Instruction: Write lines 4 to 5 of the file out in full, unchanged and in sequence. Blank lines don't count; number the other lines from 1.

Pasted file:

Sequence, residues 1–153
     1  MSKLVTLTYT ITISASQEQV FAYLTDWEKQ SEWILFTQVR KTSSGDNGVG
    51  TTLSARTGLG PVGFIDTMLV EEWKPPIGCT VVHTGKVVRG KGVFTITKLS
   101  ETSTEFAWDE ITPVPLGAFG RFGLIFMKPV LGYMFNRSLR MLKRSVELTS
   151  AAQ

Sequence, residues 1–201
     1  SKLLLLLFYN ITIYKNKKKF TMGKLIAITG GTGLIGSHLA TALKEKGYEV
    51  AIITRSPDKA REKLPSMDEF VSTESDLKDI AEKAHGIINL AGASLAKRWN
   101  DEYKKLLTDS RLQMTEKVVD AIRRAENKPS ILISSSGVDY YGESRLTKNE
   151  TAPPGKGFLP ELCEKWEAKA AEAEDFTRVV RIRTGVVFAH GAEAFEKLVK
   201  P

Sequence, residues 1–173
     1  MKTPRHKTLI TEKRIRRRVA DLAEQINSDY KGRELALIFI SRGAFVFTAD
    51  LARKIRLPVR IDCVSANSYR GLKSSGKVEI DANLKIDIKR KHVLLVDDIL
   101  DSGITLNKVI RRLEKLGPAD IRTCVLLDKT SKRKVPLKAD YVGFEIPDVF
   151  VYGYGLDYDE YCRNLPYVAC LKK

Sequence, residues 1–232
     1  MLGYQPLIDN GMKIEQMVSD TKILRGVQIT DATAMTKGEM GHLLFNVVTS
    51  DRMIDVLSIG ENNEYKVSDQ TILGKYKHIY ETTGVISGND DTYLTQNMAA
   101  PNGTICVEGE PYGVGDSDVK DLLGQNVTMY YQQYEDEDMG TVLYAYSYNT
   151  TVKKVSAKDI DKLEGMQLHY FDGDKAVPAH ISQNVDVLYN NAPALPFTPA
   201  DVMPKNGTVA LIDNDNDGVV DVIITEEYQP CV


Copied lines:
   101  ETSTEFAWDE ITPVPLGAFG RFGLIFMKPV LGYMFNRSLR MLKRSVELTS
   151  AAQ